REVIEW: Primus and The Flaming Lips at Red Rocks, Aug. 3

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Photo by Dane Cronin
The Flaming Lips

The moon had just begun to set over a sold-out show at Red
Rocks Amphitheatre when Primus took the stage. It seemed an appropriate setting for a show co-headlined by
The Flaming Lips performing Pink Floyd’s seminal 1973 album The Dark Side of the Moon. As lightning flashed in the far-off
distance, Primus delved into their set of California-bred psychedelic funk-metal.

Supporting the two headliners was the Oregon-based band
Morning Teleportation. The quartet played a mixture of psychedelic-infused
riff-rock, rustic country-rock and synthesized electronic ballads from the
band’s 2011 album, Expanding Anyway.

Though visibly excited to be playing on such a high-profile
bill, (something the band has become accustomed to since their formation in
2005,) Morning Teleportation seemed cramped on stage surrounded by the
headliners’ elaborate lighting systems and strange stage props. With two
massive concentric semi-circles of LED lights and two gigantic astronauts
sharing the stage with them, the band played their hearts out to the eager
crowd before yielding the stage to Primus.

Opening with the song “To Defy the Laws of Tradition” from
their 1990 album Frizzle Fry, Primus
proceeded to dazzle the audience with extended jams of nearly every song they
played. Diving into their set with the lesser-known “Those Damned Blue-Collar
Tweekers,” Primus followed immediately with fan favorites “Tommy the Cat” and
“Southbound Pachyderm.” Frontman Les Claypool paused briefly during each song
to address the crowd, commenting on the glory of the venue’s monolithic rocks,
and praising the aforementioned light system, which Claypool referred to as
their “new toy.”

He then ran off stage while drummer Jay Lane and guitarist
Larry LaLonde engaged in a brief jam before Claypool re-emerged wearing a
chimpanzee mask and wielding his favorite plaything, “the whamola” — a large
metal stick with a single bass string and a lever to augment the pitch. %uFFFDThey played a song from one of
Claypool’s side projects, Les Claypool’s Frog Brigade’s “Whamola” from the 2002
album Purple Onion.

Primus continued with intermittent jams and drum solos,
and peppered in tracks from their forthcoming album, Green
Naugahyde
,
due out in September. The band played other crowd favorites
such as “John the Fisherman” and “My Name is Mud,” as well as deeper cuts
like “Over the Falls” and their lysergic boogie “Over the Electric
Grapevine” before leaving the crowd in what Claypool called “the fine and
capable hands of one of the best bands around today.”

The crowd waited in anticipation while the stagehands
organized The Flaming Lips extravagant stage props, which included whitewashed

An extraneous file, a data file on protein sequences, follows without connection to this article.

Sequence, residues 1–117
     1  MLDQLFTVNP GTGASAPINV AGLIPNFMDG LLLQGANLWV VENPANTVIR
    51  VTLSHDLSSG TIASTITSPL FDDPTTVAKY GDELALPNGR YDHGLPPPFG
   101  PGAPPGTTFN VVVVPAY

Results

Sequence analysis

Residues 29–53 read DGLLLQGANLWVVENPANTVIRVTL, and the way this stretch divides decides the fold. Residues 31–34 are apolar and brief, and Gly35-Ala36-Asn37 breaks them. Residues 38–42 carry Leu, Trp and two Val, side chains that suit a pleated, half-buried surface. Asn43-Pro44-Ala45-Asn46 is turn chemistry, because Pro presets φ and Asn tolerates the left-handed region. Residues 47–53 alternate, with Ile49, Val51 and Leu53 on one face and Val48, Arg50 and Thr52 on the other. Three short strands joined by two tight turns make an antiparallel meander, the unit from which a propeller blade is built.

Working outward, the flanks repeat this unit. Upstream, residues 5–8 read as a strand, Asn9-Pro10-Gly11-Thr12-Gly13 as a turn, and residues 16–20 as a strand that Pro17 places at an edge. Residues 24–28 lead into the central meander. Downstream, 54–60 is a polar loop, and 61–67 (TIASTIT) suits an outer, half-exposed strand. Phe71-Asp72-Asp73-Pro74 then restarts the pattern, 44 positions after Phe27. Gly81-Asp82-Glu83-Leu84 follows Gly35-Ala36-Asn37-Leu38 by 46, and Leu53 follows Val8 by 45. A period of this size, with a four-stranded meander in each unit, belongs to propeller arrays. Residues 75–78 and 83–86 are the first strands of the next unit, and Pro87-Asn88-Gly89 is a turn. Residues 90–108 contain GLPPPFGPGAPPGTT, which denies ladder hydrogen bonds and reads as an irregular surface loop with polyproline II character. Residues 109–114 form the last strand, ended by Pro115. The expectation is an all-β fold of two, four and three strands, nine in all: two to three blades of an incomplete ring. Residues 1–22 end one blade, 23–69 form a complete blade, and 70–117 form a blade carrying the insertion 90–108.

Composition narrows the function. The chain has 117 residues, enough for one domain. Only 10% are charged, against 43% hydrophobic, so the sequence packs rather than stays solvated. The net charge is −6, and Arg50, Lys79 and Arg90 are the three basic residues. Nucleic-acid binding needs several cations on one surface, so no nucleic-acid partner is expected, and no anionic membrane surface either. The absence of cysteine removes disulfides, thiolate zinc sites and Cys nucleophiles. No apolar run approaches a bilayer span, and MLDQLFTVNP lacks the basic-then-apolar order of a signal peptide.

stacks of speakers and colorful confetti cannons.%uFFFD Balloons were brought to the top of the venue and unleashed
upon the crowd as the band took the stage.

In typical Flaming Lips fashion, the band emerged from a
giant LED screen, which was lit up to look like a flashing fluorescent vagina,
as frontman Wayne Coyne stood inside a rapidly inflating “space bubble.” The
rest of the band played an untitled introductory song as Coyne walked out into
the crowd and was promptly lifted by the audience towards the middle of the
venue.%uFFFD After a few minutes Coyne
was delivered back to the stage and the band opened their set with Pink Floyd’s
“Breathe.”

As confetti and streamers filled the amphitheater, The
Flaming Lips masterfully played through the first few songs of Dark Side of The Moon before Coyne
presented the crowd with several giant balloons filled with what appeared to be
American currency. The audience
promptly popped the balloons, showering the crowd with the bills as the band
continued with the song “Money.”%uFFFD

The show was themed on The
Wizard of Oz
,
with
psychedelically altered images from the movie sharing the LED screen with
colorful naked women. On both
sides of the stage there were several dancing women dressed as Dorothy. The band also covered several songs
from the movie, notably, “Somewhere Over the Rainbow,” “We’re Off To See the
Wizard” and “If I Only Had a Brain.”

The Oklahoma band finished off all of The Dark Side of the Moon, unleashing massive amounts of confetti,
balloons and streamers during the finals songs, “Brain Damage” and “Eclipse.”

The Flaming Lips briefly left the stage, only to re-emerge
and perform a single-song encore. The audience sang along in unison as The
Flaming Lips played their original song “Do You Realize” from their 2002 album
Yoshimi Battles the Pink Robots.

As the confetti settled upon the ground and the 9,450
patrons slowly filed out of the venue to Louis Armstrong’s “What a Wonderful
World,” there could be no doubt that
what had transpired had been something full of magic, beauty and good, wholesome
rock ’n’ roll.

Photos by Dane Cronin